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TravelTrekker Aug 16th, 2013 04:53 AM

Recommend Manual Wheelchair Brand?
Would appreciate practical advice regarding brand/model manual wheelchair that works best on European (UK, France, Bruges) streets? We plan to purchase or rent one in the States. Looking for lightweight model with large back wheels and smaller (6"?) front wheels, and one that can handle the cobblestones the best. Have heard of Invancare, Quickie, Driver brands. Advice anyone?

menachem Aug 16th, 2013 05:36 AM

Colours in Motion
Küschall if you can get them

usually there is a distinction between medium active and active wheelchairs. with active wheelchairs, the idea is that no one pushes it, the person using it propels it, medium active wheelchairs have a different geometry. with active wheelchairs there often are no handles that you can use to push.

although you may think that a folding wheelchair may be more convenient, active rigid wheelchairs are easier to manage: the wheels come off with quick releases, and the back rest folds down. that way it can go in the trunk of any taxy, or can go on the back seat, with the wheels off. What's good about rigid wheelchairs is that they're stiffer and lighter, and so are easier to propel. the residential invacare models are impossible to propel without assistance. Whether a wheelchair works well on the street depends on the street, not so much on the wheelchair. If there are lots of levels and steps, a wheelchair will not work as well. Apart from Brugge, where are you going in France and the UK? In Paris, a wheelchair is no problem, though accessibility of public transport is an issue, as it is in London. If you go outside of big cities you may find that accessibility decreases.

menachem Aug 16th, 2013 05:38 AM

try to rent or buy the lightest wheelchair you can find.

TravelTrekker Aug 16th, 2013 07:51 AM

menachem, thank you. We are going to London, Paris for sure. Have talked to very helpful Shopmobility staff in York and researched/emailed with Sage Travel (also very helpful) and will try Edinburgh (yes, all posters, I know it will be very difficult) and will keep it simple. Also contacted wheelchair accessible sightseeing tour in Edinburgh which is doable, Museum of Scotland, Scotch Whisky Experience...we'll see. Husband/daughter will push wheelchair, and I'd like to do what I can to help in museums, etc. Found very good with journey planner too. Would love to relax in a nearby town town not too far from Paris but no clue which towns quaint, accessible--still researching. Wheelchair is just for next 6 weeks. Will stay away from worst-cobblestone streets (such as The Shambles & in Edinburgh). Appreciate all input.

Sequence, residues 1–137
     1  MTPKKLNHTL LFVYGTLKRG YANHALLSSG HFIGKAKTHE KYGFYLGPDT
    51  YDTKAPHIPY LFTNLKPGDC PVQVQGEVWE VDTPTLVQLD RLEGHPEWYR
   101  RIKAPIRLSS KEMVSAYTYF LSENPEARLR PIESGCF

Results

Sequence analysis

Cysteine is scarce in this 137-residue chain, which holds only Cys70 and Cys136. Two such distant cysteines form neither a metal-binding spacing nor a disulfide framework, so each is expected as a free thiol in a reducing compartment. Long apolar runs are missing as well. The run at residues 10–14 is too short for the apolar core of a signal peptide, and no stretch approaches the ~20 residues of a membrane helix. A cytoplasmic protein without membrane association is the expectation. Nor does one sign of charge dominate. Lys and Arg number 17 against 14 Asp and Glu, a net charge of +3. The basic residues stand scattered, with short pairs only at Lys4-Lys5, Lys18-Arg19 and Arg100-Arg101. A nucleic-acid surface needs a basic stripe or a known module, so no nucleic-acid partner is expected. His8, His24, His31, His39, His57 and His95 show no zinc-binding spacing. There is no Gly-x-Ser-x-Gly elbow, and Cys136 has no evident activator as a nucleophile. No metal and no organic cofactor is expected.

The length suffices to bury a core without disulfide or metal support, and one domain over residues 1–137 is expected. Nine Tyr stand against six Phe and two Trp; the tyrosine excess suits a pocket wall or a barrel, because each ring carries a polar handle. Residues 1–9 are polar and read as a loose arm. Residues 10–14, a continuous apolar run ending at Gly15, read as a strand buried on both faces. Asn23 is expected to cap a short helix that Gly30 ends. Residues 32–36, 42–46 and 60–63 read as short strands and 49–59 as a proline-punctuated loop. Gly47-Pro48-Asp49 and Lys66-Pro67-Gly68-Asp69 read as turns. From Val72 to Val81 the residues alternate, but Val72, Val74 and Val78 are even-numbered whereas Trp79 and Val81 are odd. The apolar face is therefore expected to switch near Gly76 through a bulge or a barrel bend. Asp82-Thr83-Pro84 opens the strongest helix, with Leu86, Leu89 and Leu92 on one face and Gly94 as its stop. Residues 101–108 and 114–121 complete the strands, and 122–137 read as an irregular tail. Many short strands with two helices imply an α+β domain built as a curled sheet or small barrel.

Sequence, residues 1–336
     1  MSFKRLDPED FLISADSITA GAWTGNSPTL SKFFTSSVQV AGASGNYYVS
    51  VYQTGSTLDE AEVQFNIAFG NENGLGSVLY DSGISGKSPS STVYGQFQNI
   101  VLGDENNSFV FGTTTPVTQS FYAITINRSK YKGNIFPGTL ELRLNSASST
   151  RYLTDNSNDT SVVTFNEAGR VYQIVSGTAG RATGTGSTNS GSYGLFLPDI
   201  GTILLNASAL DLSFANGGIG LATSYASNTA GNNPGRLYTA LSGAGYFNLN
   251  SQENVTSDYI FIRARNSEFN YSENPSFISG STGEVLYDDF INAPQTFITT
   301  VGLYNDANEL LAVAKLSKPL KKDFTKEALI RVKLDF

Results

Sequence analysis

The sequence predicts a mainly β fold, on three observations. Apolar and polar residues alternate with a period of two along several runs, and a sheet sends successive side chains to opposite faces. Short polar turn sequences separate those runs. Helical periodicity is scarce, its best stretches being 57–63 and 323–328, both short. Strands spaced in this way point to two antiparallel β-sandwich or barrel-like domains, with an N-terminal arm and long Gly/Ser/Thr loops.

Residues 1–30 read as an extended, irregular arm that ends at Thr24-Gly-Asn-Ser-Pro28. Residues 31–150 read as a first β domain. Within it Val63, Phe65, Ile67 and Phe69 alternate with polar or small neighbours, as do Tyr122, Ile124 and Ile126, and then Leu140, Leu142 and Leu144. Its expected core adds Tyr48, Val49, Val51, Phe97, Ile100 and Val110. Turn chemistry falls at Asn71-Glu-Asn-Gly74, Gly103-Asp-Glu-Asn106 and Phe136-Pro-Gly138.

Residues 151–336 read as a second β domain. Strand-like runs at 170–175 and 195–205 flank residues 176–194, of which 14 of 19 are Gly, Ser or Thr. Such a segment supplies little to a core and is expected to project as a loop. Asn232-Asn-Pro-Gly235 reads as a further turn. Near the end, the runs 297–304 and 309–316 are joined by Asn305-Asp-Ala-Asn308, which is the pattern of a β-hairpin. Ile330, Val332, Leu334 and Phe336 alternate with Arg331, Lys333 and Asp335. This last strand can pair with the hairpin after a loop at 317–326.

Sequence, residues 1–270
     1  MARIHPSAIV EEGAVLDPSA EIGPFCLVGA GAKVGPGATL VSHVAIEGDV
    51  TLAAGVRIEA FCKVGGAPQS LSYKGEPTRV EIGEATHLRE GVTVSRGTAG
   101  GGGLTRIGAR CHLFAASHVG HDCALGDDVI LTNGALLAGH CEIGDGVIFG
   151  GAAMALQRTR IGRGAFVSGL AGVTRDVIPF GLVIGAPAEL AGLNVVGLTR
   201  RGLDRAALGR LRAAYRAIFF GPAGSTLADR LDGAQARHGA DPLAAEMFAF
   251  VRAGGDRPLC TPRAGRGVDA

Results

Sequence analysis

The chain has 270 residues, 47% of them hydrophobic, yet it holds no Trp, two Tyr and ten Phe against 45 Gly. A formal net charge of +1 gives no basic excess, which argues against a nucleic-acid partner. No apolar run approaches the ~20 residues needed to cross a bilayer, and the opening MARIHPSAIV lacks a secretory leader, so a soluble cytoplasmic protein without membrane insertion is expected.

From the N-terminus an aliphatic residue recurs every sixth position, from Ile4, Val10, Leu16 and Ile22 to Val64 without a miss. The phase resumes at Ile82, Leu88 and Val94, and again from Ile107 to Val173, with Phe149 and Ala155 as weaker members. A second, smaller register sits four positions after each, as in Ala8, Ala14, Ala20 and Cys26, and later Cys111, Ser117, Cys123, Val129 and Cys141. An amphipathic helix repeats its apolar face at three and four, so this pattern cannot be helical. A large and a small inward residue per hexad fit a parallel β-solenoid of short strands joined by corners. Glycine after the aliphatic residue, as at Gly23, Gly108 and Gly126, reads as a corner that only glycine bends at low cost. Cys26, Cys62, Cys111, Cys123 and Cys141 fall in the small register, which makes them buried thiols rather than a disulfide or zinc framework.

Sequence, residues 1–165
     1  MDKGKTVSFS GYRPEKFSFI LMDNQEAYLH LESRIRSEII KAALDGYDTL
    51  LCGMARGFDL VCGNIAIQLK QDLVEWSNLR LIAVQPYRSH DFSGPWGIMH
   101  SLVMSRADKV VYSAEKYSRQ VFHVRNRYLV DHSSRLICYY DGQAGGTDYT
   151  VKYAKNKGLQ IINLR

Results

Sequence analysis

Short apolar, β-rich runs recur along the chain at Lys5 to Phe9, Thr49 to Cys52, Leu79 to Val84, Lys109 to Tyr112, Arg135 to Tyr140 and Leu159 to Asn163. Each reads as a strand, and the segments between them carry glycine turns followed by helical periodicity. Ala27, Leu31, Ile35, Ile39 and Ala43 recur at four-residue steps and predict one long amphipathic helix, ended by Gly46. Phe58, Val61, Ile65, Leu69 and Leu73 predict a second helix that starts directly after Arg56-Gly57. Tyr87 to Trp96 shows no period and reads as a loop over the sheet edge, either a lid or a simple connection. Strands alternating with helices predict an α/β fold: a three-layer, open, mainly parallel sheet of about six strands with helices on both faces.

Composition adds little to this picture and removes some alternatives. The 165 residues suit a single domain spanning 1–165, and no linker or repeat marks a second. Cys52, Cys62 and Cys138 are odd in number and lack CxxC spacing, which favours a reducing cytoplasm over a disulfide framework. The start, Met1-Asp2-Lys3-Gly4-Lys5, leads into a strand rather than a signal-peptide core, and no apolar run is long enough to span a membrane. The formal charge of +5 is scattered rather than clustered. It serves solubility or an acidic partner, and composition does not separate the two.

menachem Aug 16th, 2013 08:49 AM

it all depends, I guess, on how much upper body strength you have. Even so, rent or buy the lightest model you can find. The institutional ones are often very heavy. Also weirdly, the smaller diameter the castor wheels at the front, the better it is: large castors make steering difficult, for you and for the person assisting you. Also make sure your back is well supported and invest in a good cushion.

do you have a car available?

TravelTrekker Aug 16th, 2013 11:32 AM

No, menachem, no car but if we get too frustrated with public transportation and too many destinations, we'll rent one for part of the trip. Would rent a car if we decide to stay longer in France after Paris rather than head to Bruges and then Amsterdam. I don't know how tired my husband will be with all the train segments, pushing me, and luggage (although am arranging for help at the stations). Do you think 6" front wheels are too large? I've heard that 4" are perhaps better but we haven't yet gone out to see what there is. We'll look tomorrow.

menachem Aug 16th, 2013 01:02 PM

I think 4'' wheels will shimmy far less than 6'' ones. Also make sure the seat fits you. If you slide sideways, you'll use more energy to sit up, also, narrower is better with wheelchairs.

I would suggest to rent a car at least for some stretches. It'll make daytrips a possibility instead of a minor expedition.

In London and Paris, buses are generally the more accessible option (black cabs too, in London), while in Amsterdam most of the tram system is accessible (that is if it is the right kind of tram, you may have to let some pass until a level floored one turns up)

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